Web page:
The Defenders: Season 1 Review
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When you have a stable of individually successful superheroes, throwing them all together into a big team-up is a no-brainer. Long a staple of the comics, Marvel Studios proved it could also be done in movies bringing their separate characters together in The Avengers. A deal with Netflix let them try a similar move with series television. After two seasons of Daredevil, and a season each of Jessica Jones, Luke Cage, and Iron Fist, could they meld these very different, street-smart heroes into The Defenders?

  
 
The first couple of entries in the series did quite well, especially Jessica Jones, but recurring pacing problems and the critically-reviled Iron Fist threatened to knock it all of course. Luckily, The Defenders addresses both of those issues head-on, first by reducing the season run down to eight episodes and second by having everyone in the show join the audience in pointing out how insufferably annoying Danny Rand/Iron Fist is. To be fair, Finn Jones’s performance as the supposed master of the martial arts has stepped up the fight game, but his smug rich kid persona still grates.

That makes for some tough going early on, as the plot immediately picks up with Danny’s battle against a clan of ninjas called the Hand. Meanwhile, the other soon-to-be Defenders are off in their own stories, but eventually everyone is drawn together into a war with the Hand’s leader, Alexandra, played by a wonderfully menacing Sigourney Weaver. It takes a few episodes too long, but once the group gets together, the show picks up considerably.

Almost immediately, the very disparate personalities among the show’s heroes pays off. Matt Murdock/Daredevil (Charlie Cox) and Jessica (Krysten Ritter) clash over their respective idealism and cynicism in a flurry of snark, while Luke (Mike Colter) and Danny show the first signs of the partnership that carried them through decades of comic books. It doesn’t all work, especially once the number of supporting characters from the different shows grows well beyond the needs of the plot, but when it does, it’s a treat.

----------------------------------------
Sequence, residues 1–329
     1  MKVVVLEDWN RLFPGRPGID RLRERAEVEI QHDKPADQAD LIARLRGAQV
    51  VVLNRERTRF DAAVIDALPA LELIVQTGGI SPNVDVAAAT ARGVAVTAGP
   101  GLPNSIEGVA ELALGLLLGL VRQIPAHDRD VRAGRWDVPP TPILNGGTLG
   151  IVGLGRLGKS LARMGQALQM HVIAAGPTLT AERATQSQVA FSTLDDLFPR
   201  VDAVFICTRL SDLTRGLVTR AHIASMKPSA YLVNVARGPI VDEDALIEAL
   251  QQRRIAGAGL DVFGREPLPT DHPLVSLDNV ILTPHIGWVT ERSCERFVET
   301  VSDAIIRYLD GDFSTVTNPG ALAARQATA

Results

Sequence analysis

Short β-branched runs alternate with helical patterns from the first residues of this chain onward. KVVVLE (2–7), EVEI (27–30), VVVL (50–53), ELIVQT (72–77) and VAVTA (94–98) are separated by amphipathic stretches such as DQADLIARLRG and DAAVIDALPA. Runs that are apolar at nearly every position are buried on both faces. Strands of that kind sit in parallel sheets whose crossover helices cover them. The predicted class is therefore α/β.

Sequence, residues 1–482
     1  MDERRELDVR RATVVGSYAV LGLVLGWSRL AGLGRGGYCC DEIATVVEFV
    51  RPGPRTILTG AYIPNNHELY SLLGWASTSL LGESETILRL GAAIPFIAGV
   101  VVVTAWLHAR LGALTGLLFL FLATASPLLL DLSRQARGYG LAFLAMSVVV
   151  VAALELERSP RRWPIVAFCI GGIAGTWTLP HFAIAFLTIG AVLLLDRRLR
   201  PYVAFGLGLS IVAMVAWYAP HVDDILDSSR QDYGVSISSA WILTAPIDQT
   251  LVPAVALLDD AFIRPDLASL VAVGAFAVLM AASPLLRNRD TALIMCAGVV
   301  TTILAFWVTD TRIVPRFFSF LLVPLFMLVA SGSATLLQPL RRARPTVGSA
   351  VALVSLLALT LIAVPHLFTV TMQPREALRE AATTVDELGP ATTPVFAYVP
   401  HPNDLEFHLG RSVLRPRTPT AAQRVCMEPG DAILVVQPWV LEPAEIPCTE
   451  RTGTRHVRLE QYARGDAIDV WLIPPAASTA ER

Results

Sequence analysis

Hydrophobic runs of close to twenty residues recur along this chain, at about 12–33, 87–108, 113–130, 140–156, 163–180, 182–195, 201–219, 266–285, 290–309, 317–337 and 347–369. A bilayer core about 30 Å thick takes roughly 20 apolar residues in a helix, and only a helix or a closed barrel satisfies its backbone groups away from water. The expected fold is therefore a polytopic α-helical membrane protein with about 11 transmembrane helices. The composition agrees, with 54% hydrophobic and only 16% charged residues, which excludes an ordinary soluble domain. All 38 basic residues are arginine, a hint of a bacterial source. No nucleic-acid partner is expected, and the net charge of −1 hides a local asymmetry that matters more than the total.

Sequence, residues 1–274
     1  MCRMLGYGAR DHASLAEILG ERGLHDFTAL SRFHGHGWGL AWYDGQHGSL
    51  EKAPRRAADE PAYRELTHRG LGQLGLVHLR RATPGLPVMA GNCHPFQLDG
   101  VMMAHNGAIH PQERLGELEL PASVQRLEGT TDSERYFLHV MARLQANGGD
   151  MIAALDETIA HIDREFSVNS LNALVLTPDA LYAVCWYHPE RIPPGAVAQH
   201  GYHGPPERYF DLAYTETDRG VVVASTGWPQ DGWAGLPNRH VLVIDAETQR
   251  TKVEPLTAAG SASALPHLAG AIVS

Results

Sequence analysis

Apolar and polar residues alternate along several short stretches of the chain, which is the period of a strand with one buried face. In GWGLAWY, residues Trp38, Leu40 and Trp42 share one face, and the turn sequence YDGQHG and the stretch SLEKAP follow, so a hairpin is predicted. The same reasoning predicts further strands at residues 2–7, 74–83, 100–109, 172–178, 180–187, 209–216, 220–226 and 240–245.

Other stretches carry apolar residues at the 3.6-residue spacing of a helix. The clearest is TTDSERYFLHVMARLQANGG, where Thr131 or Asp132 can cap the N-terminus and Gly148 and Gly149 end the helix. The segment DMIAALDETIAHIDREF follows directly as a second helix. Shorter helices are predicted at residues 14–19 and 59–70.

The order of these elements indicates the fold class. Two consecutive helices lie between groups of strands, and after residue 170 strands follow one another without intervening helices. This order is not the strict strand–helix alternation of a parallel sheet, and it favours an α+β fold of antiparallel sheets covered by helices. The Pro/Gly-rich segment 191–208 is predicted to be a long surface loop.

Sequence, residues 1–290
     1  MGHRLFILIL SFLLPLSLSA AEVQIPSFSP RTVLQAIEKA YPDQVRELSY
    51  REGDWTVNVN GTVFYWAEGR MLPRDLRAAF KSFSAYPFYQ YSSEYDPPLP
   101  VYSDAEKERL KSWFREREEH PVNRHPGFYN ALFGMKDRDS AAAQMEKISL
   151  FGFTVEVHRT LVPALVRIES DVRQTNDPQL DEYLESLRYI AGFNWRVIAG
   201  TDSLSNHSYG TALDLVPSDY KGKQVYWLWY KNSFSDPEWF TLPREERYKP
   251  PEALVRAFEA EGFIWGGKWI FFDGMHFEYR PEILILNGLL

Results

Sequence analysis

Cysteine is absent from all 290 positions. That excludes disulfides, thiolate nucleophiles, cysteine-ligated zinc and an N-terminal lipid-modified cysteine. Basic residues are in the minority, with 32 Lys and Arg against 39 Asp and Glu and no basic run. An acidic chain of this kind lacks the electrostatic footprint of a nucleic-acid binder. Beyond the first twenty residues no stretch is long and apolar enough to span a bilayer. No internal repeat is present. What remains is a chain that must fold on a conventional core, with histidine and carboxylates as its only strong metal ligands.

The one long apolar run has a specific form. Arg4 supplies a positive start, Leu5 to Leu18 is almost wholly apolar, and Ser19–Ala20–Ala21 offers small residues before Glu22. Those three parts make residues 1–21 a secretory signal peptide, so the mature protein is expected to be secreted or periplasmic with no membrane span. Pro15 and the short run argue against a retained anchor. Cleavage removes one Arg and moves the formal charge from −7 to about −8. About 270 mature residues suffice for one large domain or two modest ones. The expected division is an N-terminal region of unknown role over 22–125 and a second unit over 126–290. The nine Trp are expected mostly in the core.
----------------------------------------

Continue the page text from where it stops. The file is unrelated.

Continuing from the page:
The series attempts to tie up a number of previous loose ends among the shows, including the fate of Matt’s supposedly deceased former flame, Elektra (Elodie Jung), and his mentor, Stick (Scott Glenn), whose war against the Hand finally comes to a head here. Elektra probably gets the series’ strongest character arc, and Jung gives the haunted assassin some nice emotional nuance against the broader “evil ninja gang wants to destroy New York” shenanigans.

The end result of several years of storytelling build-up is a series that shows both the strengths and weaknesses of Marvel’s partnership with Netflix. It gives the characters room to grow by finally throwing them all together, and if the showrunners are smart, they’ll build on those relationships as they move into the next phase. It also gets a bit lost in a plot that doesn’t always line up properly and includes at least one ill-conceived “twist.” To be certain, The Defenders isn’t on the same level as The Avengers. Like the heroes themselves, it’s rougher around the edges and considerably less sure of itself, but it’s got plenty of fight left in it.

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